Although it’s “politically incorrect” to speak about and violates one of the “sacred” tenets of Alt-Media dogma, Russia is already “balancing” Iran in the Mideast, especially through the consequences of its game-changing military-strategic partnership with “Israel” which has seen Moscow quietly give Tel Aviv the greenlight to turn Syria into a country-wide bombing range against the IRGC and Hezbollah. Russia’s 21st-century grand strategy is to become the supreme “balancing” force in the Eurasian supercontinent, which therefore naturally necessitates playing the pivotal role in neutralizing the prospects of a Western-led War on Iran. Given its physical-military limitations and the prudent lack of political will for testing the boundaries of World War III in this regard, Russia’s “balancing” policy is complementary with the West’s in that it goes along with the notion that Iranian influence in the “Mashriq” (West Asia/Mideast) should be rolled back, though its multipolar twist is that it wants to redirect the country’s strategic focus eastward towards the Golden Ring in response.
Chasing Dreams Of Chinese Relief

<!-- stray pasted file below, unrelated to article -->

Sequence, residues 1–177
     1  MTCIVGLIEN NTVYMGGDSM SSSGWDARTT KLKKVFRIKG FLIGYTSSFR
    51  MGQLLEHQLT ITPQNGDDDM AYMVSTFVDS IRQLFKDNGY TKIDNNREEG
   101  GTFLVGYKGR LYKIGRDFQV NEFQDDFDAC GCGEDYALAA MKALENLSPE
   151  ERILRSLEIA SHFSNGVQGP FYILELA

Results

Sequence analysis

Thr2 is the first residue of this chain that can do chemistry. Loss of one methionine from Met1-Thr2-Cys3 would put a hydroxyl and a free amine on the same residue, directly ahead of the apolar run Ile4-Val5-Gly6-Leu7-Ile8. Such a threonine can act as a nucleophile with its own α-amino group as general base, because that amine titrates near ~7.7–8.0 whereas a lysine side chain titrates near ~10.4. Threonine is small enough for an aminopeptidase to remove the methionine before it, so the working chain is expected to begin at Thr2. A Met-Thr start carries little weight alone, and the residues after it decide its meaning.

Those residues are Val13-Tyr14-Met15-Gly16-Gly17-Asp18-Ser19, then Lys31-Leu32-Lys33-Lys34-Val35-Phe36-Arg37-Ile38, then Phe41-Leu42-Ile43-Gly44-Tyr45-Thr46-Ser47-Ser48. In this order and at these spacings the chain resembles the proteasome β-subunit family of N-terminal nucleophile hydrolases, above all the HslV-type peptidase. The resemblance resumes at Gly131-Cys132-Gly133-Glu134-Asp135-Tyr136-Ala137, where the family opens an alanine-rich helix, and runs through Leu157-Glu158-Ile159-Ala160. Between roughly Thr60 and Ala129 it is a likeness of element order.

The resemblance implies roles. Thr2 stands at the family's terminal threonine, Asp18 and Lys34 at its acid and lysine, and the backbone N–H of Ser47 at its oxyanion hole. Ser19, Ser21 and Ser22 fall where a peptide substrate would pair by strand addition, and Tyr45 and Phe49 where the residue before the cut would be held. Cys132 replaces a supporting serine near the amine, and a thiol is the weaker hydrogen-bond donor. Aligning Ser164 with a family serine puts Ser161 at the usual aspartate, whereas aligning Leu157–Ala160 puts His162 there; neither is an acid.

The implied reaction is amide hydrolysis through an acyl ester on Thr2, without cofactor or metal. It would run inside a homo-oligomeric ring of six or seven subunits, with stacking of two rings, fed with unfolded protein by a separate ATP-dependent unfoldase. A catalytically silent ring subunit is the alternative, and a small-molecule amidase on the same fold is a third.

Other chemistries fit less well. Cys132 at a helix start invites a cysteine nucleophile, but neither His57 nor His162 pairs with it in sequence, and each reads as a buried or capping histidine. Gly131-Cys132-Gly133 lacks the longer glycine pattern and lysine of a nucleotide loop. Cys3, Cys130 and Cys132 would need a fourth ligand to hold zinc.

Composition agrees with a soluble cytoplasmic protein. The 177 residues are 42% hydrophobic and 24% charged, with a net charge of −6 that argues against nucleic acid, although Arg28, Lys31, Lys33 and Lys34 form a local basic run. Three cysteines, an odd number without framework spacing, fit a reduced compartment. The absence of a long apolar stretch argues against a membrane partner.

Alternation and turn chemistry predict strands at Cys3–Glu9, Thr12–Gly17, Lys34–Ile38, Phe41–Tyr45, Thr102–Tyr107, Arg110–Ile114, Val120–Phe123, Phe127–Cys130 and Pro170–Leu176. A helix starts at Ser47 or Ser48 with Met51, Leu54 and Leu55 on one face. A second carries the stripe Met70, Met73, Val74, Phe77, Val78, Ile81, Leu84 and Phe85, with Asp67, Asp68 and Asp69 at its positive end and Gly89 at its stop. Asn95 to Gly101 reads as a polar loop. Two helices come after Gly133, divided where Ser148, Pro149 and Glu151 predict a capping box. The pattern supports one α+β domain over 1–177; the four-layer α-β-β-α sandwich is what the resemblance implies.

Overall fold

It’s understandable why Iran would feel uncomfortable with seemingly being “downgraded” from an independent “subject” of International Relations to an “object” that can be “contained” and “corralled” in a certain direction like “cattle”, and it’s for that reason why it’s so actively seeking out a “balancing” partner. The first thought that most readers might instinctively have is for Iran to reach out to China, which is already its long-standing partner and extremely unlikely to bend to Trump’s will in abiding by his “secondary sanction” threats, unlike India. The challenge, however, is that Iran’s over-the-top rhetoric to raise the oil price has spooked the People’s Republic, which broke with its diplomatic custom of not openly trying to influence the affairs of other states by “chiding” the Islamic Republic after Chinese Assistant Foreign Minister Chen Xiaodong said that it “should do more to benefit peace and stability in the region, and jointly protect peace and stability there. Especially as it is a country on the Gulf, it should dedicate itself to being a good neighbor and co-existing peacefully.”